DAI’s excitement about the upcoming SatSummit is approaching perigee levels, with the conference less than one week away! This is Part 3 of our Remote Sensing Series. In case you missed them, here’s Part 2 and Part 1.
You could live a perfectly fulfilled life while taking for granted all the colors that appear in the natural world. However, when you ask “why?”—a fascinating level of complexity is revealed, and this is especially true for the colors of nature: green forests, blue skies, red roses, golden sunsets.
The spectrum of visible colors, approximately, but not exclusively, contains: red, orange, yellow, green, indigo, blue, and violet. These colors are emitted from the sun, along with all the invisible parts of the spectrum. Pure snow, (not the gray stuff that piles up in the Walmart the parking lot) is a brilliant bright white. You may recall having to wear sunglasses when the sun is out after a fresh snowfall because of the bright reflective white stuff layering the ground. But why? The molecular structure of snow reflects nearly all of the visible spectrum back to your eye, hence the white color. It has, what remote sensing people call, high albedo.
Healthy leaves of basil are a luscious green. But why? Plants absorb, rather than reflect, most of the red and blue light that hits the leaves. Absorption of light, after all, is part of the process of photosynthesis. It is also why trees are so vital to helping cool our planet—they absorb the energy from the sun instead of reflecting it back into our atmosphere. All of that results in basil leaves being deep green instead of white.
The sun sends a full spectrum of light—visible and invisible wavelengths—to earth.
Healthy vegetation absorbs red and blue light for photosynthesis. Some of the green light and a high percentage of shortwave infrared light is reflected off the leaves.
What we don’t see, however, is that healthy plants actually reflect more near infrared (short wavelength infrared) than visible green. That’s right: healthy plants look more infrared than green. But we humans only see the green. When a plant becomes unhealthy, it reflects more of the visible red light and less of the invisible infrared. Think of a dry plant that needs watering, it might turn a reddish brown as it dries up. This difference between the visible red and the invisible near infrared light is a good measure of plant health. The bigger difference between the two, the healthier the plant.
An Index for Measuring Vegetation Health
To calculate the proportional difference in infrared light and visible red light, we can use the tried and true Normalized Difference Vegetation Index (NDVI), where NIR is near infrared and RED is visible red.
NDVI = (NIR - RED) / (NIR + RED)
If you’re the type to gloss over equations, this one is simple! First off, this is just a ratio. In the case of NDVI it is the ratio of the element’s difference to it’s sum. When the plant is really healthy, it is reflecting a ton of NIR and very little RED which means the maximum value for NDVI is 1. The range then for NDVI then is +1 to -1. Being normalized on this range is great because it lets us compare different areas of vegetation around the world, whereas doing so with raw reflectance values of near-infrared would be inconclusive.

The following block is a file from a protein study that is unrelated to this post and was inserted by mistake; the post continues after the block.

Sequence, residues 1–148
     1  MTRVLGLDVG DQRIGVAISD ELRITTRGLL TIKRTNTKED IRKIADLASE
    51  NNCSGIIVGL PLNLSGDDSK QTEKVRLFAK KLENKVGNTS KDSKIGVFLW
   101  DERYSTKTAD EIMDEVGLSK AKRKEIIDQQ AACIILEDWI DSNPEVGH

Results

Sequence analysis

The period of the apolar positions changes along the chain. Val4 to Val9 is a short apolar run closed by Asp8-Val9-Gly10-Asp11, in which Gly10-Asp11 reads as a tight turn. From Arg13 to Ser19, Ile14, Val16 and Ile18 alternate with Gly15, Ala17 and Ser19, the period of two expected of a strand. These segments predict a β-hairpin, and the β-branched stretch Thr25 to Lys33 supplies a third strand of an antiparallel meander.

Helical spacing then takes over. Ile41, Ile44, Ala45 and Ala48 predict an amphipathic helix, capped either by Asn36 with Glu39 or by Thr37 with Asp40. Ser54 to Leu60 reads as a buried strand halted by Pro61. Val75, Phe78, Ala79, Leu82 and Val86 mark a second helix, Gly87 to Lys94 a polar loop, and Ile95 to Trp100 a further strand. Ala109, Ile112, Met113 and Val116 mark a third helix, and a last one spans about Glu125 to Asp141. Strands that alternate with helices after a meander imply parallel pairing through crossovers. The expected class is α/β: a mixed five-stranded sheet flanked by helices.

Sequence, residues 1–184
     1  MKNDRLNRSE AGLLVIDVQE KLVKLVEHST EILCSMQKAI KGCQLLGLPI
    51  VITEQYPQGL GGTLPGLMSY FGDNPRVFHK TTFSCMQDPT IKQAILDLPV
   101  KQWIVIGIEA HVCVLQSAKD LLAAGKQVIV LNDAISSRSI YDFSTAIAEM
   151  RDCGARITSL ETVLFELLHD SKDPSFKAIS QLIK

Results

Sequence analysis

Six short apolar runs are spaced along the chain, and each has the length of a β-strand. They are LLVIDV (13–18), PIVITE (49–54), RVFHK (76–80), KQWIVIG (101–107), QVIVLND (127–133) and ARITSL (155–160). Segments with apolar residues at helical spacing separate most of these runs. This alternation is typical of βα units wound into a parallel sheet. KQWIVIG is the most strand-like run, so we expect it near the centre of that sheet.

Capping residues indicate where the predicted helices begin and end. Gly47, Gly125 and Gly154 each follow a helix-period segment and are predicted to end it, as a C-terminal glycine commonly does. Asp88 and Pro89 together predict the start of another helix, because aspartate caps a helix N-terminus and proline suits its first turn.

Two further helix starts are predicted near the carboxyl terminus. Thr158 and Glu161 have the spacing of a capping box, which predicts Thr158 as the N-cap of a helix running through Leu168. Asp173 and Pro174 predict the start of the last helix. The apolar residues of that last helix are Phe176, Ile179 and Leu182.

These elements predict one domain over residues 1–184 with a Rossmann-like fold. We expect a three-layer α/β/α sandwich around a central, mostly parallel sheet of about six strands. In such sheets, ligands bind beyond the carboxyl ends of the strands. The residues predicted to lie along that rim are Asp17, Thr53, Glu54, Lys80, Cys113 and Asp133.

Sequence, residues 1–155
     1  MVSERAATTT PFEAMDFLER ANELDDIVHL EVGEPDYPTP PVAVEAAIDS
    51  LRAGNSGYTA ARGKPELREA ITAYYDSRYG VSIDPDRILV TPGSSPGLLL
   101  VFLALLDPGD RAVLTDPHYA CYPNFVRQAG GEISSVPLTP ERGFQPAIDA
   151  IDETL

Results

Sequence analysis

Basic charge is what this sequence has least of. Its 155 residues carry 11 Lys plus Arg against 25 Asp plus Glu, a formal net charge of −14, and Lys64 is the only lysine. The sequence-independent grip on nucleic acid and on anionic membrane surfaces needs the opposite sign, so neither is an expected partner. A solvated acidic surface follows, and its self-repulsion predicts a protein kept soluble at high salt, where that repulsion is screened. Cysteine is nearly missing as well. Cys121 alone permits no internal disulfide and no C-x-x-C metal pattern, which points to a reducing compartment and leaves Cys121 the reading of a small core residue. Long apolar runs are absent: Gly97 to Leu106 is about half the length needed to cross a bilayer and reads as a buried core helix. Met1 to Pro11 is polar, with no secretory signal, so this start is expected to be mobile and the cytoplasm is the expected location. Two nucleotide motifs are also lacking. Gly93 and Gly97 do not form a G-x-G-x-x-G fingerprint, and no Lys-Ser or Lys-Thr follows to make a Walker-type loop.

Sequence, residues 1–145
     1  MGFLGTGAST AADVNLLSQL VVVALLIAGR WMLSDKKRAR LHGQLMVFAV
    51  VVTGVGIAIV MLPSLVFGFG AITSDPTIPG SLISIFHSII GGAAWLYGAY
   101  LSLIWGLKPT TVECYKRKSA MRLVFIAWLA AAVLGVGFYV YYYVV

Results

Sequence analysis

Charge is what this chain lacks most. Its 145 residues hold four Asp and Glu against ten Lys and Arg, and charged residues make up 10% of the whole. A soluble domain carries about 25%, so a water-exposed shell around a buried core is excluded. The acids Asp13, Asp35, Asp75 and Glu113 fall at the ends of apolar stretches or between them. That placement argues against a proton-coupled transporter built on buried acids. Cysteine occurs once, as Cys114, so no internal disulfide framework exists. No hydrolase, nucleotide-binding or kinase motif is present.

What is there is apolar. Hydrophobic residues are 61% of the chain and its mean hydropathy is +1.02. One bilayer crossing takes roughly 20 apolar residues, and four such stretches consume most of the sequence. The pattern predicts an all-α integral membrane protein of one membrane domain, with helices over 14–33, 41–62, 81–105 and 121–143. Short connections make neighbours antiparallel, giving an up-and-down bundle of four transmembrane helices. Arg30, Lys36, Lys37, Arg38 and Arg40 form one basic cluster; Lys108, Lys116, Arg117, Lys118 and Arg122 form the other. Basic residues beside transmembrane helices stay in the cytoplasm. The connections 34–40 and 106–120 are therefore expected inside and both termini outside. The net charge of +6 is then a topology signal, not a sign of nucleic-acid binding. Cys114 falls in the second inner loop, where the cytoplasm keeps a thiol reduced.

An Example From Western Nepal
DAI implements an integrated watershed management project for the U.S. Agency for International Development called Program for Aquatic and National Resources Improvement (PANI). We can use an area of the western region where PANI operates to study the vegetation health with NDVI at two different times of the year: August 2016 just after the monsoons, and January 2017, a dry and cold period in Nepal’s weather pattern.
Our study area in western Nepal.
Let’s look at a true color image of an area where our PANI project operates. You can see a few clouds and a river flowing full. This is from August of 2016 just after the monsoons.
A true color image in western Nepal in August 2016 soon after the monsoon season. Notice the fat river.
To calculate the NDVI, I can use QGIS (a free desktop GIS application) and open up the raster calculator to run the formula with the red band (4) and the shortwave infrared band (5). To do this go to Raster > Raster Calculator and type in the equation into the calculator. Here are a few images from the NDVI calculations. We can see a broader area of healthy vegetation after the monsoons in August. Then later in January of this year, the only healthy vegetation is in the select areas being irrigated by local farmers. The lowland forest and the mountain areas have begun to dry out.
NDVI just after the monsoon season in August 2016. On the ground we see a fairly even distribution of healthy green vegetation. The bright yellow blotches are clouds are scattered about in the scene.
NDVI for a dry day in early January 2017. We see healthy vegetation only in the irrigated farmland, with the mountains and natural forest region drying out.
It’s very satisfying to be able to see a changes in weather reflected in satellite imagery. What’s more, we did this all with free software and free imagery from Landsat 8! We’re looking forwarding to using Landsat and NDVI to help share with the community in Nepal the freely available ways to monitor watershed health with remote sensing.